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Statement: “The people who say they are in favor of the status quo — those who say the Chargers should simply stay in Qualcomm Stadium and play out their lease through the year 2020 — are in fact advocating the spending of more than $300 million in taxpayer money between now and then just to keep the aging stadium operating,” San Diego Chargers special counsel Mark Fabiani wrote in a Union-Tribune editorial Dec. 12, 2009.
Analysis: The Chargers estimate it will cost San Diego city taxpayers $340.5 million (per this detailed spreadsheet) if the football team stayed at its current Qualcomm Stadium location through the life of the team’s lease there. The number is an important part of the debate for a new downtown stadium for the team.
But the Chargers’ estimate for the taxpayers’ costs at Qualcomm relies less on hard data and more on drastic shifts in city policy and fuzzy estimates. The team’s figures could be as much as $145 million overstated, a voiceofsandiego.org analysis shows.
Some quick background. The city, not the Chargers, is responsible for operating, maintaining and improving Qualcomm. A series of complicated deals with the Chargers and lack of revenue-generating events mean the city loses money at the stadium each year.
The question is how much.
For their estimate of the city’s losses, the Chargers assume the city would spend $113 million more than it now plans to make improvements at the stadium over the next 11 years. For the Chargers’ $113 million estimate to be true, they’re relying on one of three things to happen — and there’s no indication any of them will:
A dramatic change in city policy to pump money into Qualcomm.
The team winning or settling a lawsuit to force the city to pay, which Fabiani would not commit to filing.
Something expensive breaking and needing immediate repair.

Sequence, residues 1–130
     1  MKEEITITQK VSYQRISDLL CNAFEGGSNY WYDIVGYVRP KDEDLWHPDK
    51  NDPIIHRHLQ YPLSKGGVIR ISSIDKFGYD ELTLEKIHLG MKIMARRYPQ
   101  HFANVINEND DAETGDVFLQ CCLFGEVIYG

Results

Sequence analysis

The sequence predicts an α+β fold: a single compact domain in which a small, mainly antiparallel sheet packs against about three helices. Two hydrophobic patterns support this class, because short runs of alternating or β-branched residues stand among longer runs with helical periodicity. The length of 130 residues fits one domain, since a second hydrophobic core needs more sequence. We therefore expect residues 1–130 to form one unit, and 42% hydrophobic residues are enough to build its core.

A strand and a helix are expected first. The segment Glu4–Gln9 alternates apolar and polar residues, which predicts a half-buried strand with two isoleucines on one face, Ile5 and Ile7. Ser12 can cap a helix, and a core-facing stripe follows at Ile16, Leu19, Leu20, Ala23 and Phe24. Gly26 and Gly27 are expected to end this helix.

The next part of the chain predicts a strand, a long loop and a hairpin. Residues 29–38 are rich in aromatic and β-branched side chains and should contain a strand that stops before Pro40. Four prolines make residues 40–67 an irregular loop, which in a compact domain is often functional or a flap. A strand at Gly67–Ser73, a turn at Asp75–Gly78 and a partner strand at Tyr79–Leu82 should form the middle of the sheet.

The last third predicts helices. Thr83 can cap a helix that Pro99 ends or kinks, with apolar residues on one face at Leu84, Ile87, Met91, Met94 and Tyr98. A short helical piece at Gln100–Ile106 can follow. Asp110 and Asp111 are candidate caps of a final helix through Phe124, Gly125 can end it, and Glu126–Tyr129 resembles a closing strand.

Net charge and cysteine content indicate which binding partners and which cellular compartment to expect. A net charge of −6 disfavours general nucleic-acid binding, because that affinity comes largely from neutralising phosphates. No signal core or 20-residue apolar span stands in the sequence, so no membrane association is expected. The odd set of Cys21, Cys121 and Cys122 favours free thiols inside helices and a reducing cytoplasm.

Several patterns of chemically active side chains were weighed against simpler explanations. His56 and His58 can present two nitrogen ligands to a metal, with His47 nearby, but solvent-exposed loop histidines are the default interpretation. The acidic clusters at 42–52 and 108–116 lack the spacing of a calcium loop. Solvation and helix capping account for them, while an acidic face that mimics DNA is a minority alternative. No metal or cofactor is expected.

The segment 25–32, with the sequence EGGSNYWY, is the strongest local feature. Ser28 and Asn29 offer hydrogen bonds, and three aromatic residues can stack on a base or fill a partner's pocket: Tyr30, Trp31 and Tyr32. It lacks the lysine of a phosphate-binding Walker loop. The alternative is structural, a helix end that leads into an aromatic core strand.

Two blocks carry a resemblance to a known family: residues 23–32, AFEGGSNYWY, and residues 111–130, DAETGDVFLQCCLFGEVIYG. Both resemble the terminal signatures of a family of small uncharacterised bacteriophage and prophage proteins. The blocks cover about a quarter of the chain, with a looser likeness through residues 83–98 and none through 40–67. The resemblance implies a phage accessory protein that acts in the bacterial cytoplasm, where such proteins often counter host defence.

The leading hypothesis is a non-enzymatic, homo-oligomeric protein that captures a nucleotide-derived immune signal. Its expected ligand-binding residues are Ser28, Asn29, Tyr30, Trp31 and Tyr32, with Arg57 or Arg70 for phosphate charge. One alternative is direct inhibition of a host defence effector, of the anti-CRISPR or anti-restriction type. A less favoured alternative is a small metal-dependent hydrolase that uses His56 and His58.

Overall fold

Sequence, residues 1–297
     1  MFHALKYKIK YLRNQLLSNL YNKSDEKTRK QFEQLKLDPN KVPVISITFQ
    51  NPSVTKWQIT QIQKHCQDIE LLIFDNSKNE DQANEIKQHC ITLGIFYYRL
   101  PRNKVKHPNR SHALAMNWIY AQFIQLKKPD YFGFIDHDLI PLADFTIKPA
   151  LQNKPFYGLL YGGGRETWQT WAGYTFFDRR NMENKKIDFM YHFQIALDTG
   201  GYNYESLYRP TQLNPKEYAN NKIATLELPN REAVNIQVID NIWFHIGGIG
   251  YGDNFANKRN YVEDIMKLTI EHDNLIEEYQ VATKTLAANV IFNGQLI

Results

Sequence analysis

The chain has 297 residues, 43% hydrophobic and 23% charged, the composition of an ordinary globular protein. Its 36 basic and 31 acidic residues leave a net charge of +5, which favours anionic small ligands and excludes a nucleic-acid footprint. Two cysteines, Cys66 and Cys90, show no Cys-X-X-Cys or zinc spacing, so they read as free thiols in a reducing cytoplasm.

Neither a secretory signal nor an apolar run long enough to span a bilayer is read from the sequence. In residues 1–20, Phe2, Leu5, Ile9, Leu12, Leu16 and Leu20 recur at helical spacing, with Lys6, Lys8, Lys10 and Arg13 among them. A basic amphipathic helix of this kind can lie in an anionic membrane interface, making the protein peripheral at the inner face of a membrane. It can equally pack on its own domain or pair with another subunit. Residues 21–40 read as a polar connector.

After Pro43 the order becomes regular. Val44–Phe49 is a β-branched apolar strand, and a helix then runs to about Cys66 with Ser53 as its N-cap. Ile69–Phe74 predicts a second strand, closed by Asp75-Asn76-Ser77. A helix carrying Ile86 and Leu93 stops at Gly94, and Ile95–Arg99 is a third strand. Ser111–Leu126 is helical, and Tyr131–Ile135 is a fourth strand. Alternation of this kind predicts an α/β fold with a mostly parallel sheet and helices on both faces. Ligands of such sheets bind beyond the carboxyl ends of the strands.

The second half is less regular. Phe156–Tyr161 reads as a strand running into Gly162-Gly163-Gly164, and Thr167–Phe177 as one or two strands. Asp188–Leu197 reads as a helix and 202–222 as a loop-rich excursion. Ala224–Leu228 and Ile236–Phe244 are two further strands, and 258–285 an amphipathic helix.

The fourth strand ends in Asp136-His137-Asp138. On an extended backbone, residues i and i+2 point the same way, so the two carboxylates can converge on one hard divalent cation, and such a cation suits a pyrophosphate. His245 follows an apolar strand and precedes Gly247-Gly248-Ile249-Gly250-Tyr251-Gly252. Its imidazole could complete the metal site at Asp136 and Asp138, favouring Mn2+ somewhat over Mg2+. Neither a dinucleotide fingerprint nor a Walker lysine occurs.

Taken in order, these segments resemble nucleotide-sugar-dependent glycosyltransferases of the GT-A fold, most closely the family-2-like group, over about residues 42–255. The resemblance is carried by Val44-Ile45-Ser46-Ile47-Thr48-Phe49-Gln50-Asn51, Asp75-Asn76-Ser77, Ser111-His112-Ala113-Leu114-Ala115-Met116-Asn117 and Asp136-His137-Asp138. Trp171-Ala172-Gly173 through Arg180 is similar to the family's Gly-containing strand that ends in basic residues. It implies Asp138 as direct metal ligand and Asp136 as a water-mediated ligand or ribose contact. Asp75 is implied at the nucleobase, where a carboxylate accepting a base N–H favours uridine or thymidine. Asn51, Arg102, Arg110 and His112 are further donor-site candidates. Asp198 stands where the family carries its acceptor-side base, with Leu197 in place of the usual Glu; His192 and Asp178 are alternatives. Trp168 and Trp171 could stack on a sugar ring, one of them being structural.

Further, there’s no list of the repairs the stadium needs.
The Chargers also are assuming the city will lose $188 million over the next 11 years operating the stadium — a $15.5 million annual loss adjusted for inflation. Their estimate comes from averaging a number from a single sentence in a five-year-old Union Tribune story and a projected loss made by the city auditor.
But there’s a more precise way to calculate the city’s losses than the Chargers’ method. Over the course of a month, VOSD broke down the city auditor’s numbers, added in the police and fire departments’ annual spending at Qualcomm and talked to the Chargers about their costs to the city. Then it took all those losses over three years and added them up.
The VOSD analysis found that losses at Qualcomm average $12.2 million a year — about $3 million less than the team says. Using the VOSD analysis, the Chargers’ estimate overstates the city’s operating losses at Qualcomm by $32 million over the next 11 years.
It would be impossible to prove how much the city would spend over the next 11 years if the Chargers stayed at Qualcomm. But the team’s estimate shows that it assumes the city will lose much more than current data projects.
— LIAM DILLON